Originally created 02/05/06

Carter never too busy to promote hometown

PLAINS, Ga. - Former President Jimmy Carter emerges from a black SUV and walks toward the front door of his home, lugging a laptop in one hand and a small suitcase in the other.

Dressed in a dark suit, the 2002 Nobel Peace Prize winner has just returned from London, where he briefed diplomats from the U.S., Russia, European Union and United Nations on his observations of the situation in Israel. He had personally monitored last month's stunning Palestinian election of the militant group Hamas.

Since leaving the White House in 1981, Mr. Carter has traveled the world to promote peace and human rights, to monitor elections and fight diseases, but he has always found time to promote his hometown of Plains and his boyhood home in nearby Archery.

People far younger than the 81-year-old would have to collapse in a recliner after a long trans-Atlantic flight, but this evening he was keeping a commitment that would help promote his small hometown.

Mr. Carter disappeared in a back room for a few minutes and returned wearing his familiar jeans and plaid shirt to take part in a televised cooking show with Savannah restaurateur Paula Deen - the second time they have teamed up for an episode of her highly rated Food Network television show, Paula's Home Cooking.

While they prepared smothered baked quail, grits, English peas and a pastry dessert of pecan toffee tassies in Mr. Carter's narrow kitchen, they discussed Southern staples.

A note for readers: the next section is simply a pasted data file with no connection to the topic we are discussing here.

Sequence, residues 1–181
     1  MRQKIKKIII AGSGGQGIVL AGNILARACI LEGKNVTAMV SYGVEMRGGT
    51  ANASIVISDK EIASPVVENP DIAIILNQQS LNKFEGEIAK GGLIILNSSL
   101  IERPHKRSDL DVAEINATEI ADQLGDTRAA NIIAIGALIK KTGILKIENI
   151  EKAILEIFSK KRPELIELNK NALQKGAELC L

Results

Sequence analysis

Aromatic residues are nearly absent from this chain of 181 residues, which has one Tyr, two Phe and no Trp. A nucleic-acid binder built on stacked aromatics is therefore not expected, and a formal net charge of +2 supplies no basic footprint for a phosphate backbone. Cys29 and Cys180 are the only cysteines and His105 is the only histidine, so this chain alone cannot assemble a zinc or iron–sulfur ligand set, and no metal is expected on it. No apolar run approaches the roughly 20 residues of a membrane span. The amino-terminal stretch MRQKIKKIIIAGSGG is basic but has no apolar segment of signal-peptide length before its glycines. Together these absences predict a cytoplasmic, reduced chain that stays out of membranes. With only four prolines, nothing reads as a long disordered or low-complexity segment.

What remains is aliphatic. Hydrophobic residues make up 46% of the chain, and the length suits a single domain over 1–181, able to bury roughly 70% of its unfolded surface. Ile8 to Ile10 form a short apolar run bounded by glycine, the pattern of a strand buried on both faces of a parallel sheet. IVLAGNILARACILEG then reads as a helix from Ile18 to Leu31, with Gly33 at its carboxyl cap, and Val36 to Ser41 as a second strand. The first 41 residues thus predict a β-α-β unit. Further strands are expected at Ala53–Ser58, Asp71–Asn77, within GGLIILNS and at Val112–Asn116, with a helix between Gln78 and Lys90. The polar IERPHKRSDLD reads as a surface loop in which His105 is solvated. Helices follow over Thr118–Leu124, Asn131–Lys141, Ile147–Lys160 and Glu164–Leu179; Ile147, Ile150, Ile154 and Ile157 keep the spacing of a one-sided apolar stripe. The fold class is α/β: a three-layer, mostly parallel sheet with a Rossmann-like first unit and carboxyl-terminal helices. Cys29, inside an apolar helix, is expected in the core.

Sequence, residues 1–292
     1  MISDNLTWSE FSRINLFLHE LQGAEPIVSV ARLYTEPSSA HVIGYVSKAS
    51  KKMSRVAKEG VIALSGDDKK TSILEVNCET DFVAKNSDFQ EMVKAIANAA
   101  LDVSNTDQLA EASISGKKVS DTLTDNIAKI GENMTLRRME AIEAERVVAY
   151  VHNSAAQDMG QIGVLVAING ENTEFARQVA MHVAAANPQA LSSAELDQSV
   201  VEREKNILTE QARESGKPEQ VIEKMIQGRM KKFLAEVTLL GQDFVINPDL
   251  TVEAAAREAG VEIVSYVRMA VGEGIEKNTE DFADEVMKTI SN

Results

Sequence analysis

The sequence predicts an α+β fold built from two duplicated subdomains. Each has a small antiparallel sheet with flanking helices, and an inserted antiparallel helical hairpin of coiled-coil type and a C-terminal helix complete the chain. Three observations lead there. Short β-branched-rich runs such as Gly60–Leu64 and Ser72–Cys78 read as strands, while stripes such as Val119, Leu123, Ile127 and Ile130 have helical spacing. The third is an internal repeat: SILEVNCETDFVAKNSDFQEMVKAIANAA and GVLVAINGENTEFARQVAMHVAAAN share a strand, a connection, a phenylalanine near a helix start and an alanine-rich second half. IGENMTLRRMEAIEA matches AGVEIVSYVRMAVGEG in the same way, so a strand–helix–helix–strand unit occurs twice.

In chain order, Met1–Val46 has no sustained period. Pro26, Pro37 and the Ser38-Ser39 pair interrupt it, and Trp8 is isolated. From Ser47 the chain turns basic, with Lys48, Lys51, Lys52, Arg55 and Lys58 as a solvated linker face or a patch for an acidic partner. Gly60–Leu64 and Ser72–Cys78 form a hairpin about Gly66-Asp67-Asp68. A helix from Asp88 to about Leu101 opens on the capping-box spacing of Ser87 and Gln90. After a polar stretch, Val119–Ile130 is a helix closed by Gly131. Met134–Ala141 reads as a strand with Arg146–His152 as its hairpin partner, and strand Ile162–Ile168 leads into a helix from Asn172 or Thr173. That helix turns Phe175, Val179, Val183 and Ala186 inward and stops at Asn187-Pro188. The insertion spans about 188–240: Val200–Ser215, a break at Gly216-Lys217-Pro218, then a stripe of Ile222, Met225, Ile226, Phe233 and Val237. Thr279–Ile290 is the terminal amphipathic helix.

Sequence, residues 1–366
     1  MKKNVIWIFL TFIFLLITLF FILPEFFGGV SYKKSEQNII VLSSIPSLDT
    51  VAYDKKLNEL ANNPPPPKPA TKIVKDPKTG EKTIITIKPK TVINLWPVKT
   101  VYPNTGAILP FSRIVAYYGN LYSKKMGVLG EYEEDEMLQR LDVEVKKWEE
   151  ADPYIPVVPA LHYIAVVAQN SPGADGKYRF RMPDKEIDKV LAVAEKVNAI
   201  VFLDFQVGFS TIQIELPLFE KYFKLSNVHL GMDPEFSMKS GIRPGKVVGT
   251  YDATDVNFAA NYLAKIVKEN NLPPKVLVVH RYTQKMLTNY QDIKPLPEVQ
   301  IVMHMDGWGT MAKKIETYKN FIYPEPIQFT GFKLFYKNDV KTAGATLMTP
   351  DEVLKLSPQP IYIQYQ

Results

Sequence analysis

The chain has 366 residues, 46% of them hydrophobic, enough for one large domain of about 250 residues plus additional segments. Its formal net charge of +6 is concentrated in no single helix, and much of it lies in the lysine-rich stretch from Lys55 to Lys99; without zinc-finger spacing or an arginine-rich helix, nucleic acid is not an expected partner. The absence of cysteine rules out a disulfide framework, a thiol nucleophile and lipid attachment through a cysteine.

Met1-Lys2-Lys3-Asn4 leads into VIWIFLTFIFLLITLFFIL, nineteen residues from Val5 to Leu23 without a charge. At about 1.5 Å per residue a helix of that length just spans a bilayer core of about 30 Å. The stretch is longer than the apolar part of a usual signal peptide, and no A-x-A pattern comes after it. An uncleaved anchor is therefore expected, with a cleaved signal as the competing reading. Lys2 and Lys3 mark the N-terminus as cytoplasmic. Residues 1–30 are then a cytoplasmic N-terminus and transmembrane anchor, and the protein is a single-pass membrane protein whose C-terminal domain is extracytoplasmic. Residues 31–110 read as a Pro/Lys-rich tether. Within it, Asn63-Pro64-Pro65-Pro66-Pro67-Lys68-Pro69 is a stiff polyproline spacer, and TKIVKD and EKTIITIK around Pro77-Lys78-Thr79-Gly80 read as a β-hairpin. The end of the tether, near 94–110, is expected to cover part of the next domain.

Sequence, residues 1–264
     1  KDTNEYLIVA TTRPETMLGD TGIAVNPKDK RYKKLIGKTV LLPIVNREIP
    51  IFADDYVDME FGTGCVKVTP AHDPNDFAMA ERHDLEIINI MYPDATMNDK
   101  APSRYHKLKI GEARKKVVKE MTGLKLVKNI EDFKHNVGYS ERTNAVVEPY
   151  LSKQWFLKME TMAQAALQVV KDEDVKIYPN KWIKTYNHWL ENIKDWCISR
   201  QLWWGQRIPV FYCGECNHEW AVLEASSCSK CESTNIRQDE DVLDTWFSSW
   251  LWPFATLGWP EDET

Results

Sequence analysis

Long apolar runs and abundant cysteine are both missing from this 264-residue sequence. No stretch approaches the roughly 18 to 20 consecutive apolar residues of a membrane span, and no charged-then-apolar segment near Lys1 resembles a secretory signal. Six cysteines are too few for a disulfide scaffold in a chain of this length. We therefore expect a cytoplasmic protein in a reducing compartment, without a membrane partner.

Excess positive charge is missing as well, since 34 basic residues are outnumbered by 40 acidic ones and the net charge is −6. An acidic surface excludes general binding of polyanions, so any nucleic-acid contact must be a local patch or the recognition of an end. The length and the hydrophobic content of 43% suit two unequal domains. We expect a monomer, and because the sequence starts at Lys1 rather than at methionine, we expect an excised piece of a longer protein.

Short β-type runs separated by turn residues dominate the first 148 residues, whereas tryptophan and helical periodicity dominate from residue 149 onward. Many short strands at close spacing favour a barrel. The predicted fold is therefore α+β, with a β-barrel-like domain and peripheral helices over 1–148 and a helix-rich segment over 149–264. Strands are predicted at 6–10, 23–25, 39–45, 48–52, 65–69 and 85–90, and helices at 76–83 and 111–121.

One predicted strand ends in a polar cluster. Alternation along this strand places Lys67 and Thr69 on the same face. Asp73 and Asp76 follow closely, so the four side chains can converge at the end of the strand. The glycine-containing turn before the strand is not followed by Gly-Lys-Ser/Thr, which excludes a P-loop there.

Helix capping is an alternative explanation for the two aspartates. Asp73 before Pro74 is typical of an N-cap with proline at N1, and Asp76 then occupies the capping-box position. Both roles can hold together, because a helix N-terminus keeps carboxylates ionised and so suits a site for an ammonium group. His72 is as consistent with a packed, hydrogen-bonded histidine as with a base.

Mr. Carter said his family ate the servants' food most of the time they lived in the White House "because they were from the South and they knew good food."

While many rural towns are struggling for survival, Plains is thriving, largely because of Mr. Carter's continuing efforts to promote the town to tourists.

On the day of the Food Network taping, there were cars from New York, Florida, Virginia and Nebraska parked along main street, which features a trading post, an antique store, a cafe and Bobby Salter's Plain Peanut, a store featuring souvenirs, peanuts and pecans, locally made candies and even peanut butter ice cream.

When he's in town, Mr. Carter teaches Sunday school classes at Maranatha Baptist Church. Those classes attract between 200 and 800 people each Sunday.

Mr. Carter and his wife, Rosalynn, also were part of a hometown effort to establish the Plains Historic Inn & Antique Mall on Main Street.


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